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Bridging Dream and Reality: Nepal Youth Employment Transformation Initiative

A woman from Nepal sits on a chautari

Usha Bhujel from Rainas Municipality in Lamjung, Gandaki Province, Nepal

World Bank/Sabrina Dangol

Commitment to Making Dream a Reality

Usha Bhujel lives in Rainas Municipality in Lamjung of Gandaki Province. Originally from Gorkha, Usha used to live with her father and stepmother before moving with her husband to Lamjung after marriage. 

Married at 19 and Usha worked in agriculture, helping grow seasonal vegetables and other crops in her family's land. Her husband worked in Malaysia and Dubai as a security guard. He returned after the COVID-19 pandemic posed health risks to him. 

Both Usha and her husband joined the temporary employment program supported by the Youth Employment Transformation Initiative (YETI) Project in 2021. Under the program, Usha works with her group of five coworkers (three women and two men). They recently completed construction of a Chautari, a village square that serves as a rest stop and gathering place for the community. 

Together, Usha and her husband earns around Rs 600 (about $5.8) each per day. Since they need to support their family of five, the earnings aren't sufficient. They grow seasonal vegetables in a small garden in front of their home and occasionally work as agricultural laborers. Despite the challenges, Usha is determined to provide her daughter with a good education. She also has a dream of owning a small restaurant someday.

She says, “If I save enough money from this program, I will make this dream a reality.”

If I save enough money from the income earned from the YETI Program, I will make my dream of owning a small restaurant a reality.
Usha Bhujel
Lamjung, Nepal
A woman stands on a public park in Nuwakot, Nepal

Kalpana Mijar is from Bidur Municipality, Nuwakot, Bagmati Province, Nepal. 

World Bank/Sabrina Dangol

Prioritizing the Education of Daughters

Kalpana Mijar is a 34-year-old woman from Bidur Municipality, Nuwakot in Bagmati Province, Nepal. Her husband used to work as a laborer in Malaysia but had to return to Nepal in 2012 due to poor working conditions and respiratory ailment.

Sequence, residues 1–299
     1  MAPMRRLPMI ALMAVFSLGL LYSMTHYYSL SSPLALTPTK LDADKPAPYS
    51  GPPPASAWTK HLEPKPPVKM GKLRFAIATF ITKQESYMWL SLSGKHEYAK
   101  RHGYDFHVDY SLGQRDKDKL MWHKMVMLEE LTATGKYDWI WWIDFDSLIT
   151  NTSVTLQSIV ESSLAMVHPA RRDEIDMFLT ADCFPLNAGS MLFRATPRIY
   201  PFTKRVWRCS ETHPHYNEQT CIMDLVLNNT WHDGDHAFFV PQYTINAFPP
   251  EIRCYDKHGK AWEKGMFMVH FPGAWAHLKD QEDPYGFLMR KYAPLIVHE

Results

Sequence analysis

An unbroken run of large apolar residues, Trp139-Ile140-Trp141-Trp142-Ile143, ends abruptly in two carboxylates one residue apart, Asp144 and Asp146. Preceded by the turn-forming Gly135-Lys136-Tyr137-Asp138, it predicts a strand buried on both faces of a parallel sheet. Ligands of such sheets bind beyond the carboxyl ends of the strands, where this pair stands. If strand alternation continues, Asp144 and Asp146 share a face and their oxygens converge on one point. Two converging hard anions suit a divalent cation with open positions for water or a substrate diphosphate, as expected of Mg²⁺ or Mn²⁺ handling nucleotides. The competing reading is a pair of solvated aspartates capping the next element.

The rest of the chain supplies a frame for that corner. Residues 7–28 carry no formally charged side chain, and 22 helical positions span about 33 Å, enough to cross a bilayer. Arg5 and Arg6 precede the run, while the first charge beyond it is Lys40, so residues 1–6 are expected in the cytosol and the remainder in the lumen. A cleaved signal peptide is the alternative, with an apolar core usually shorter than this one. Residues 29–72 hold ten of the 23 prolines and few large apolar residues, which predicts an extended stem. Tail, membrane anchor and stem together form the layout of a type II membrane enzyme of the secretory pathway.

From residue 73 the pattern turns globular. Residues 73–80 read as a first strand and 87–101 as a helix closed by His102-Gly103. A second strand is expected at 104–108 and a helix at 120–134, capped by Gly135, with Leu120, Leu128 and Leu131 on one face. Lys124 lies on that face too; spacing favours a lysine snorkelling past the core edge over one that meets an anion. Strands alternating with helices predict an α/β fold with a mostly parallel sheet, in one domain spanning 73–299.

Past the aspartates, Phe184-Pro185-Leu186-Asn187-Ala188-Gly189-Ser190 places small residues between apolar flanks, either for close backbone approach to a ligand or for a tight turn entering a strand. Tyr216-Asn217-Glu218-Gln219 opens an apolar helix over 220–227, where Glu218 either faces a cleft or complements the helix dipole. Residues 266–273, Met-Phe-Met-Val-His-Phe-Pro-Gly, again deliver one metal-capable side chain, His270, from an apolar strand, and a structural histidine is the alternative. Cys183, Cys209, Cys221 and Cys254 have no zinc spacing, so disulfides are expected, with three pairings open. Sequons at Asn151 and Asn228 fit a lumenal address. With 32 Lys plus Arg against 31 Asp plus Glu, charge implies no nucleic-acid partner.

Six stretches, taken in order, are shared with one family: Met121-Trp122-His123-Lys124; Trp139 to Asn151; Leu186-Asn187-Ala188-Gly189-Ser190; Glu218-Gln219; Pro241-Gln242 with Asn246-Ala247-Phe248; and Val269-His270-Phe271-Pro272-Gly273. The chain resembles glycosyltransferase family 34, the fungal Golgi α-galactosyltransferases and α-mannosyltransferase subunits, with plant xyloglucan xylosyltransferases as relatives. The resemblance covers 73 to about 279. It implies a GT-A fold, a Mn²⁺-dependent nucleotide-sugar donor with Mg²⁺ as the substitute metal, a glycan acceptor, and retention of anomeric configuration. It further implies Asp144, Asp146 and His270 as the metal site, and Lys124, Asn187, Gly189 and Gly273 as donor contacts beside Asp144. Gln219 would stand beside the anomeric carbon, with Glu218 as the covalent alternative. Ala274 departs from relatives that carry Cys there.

As he returned without any substantial savings, Kalpana has been bearing most of the financial responsibilities of the family. 

She worked as an agricultural laborer and in various jobs taking care of her husband and paying for the education of her three daughters.

Kalpana says, “I had to drop out of school due to financial difficulties after my father's death. It’s my greatest regret.  I don't want my daughter to suffer the same way.” She wants her daughters to be educated and independent and has been looking for stable means of income to fulfill the wish.

Kalpana has been employed under temporary Employment Program supported by Youth Employment Transformation Initiative (YETI) since 2021. She is part of a group of four who take turns in maintaining parks and gardens in Trishuli. 

Kalpana is grateful for the work the temporary employment program has provided but acknowledges the challenges of supporting a family on a single income. Nevertheless, she is doing her best to provide good education to her daughters “While the program provides a source of income, it is difficult to manage the household expenses and pay off the loans,” she laments. 

I had to drop out of school due to financial difficulties after my father's death. It’s my greatest regret. I don't want my daughter to suffer the same way.
Kalpana Mijar
Nuwakot, Nepal

Usha Bhujel and Kalpana Mijar are two of the 135,000 beneficiaries of the Youth Employment Transformation Initiative (YETI) Project being implemented by Nepal’s Ministry of Labor, Employment, and Social Security and financed by the World Bank Group’s International Development Association (IDA). 

The YETI project is helping strengthen the Nepal government’s Prime Minister Employment Program with a focus on improving employment services and labor market outcomes for youth, especially women from the poor and marginalized communities. 

During the COVID pandemic, the YETI project provided temporary employment support to an additional 44,000 people who had lost employment.  

The YETI project also supports strengthening systems and longer-term provision of employment services through employment service centers in all 753 local levels and a National Employment Management Information System (NEMIS). 


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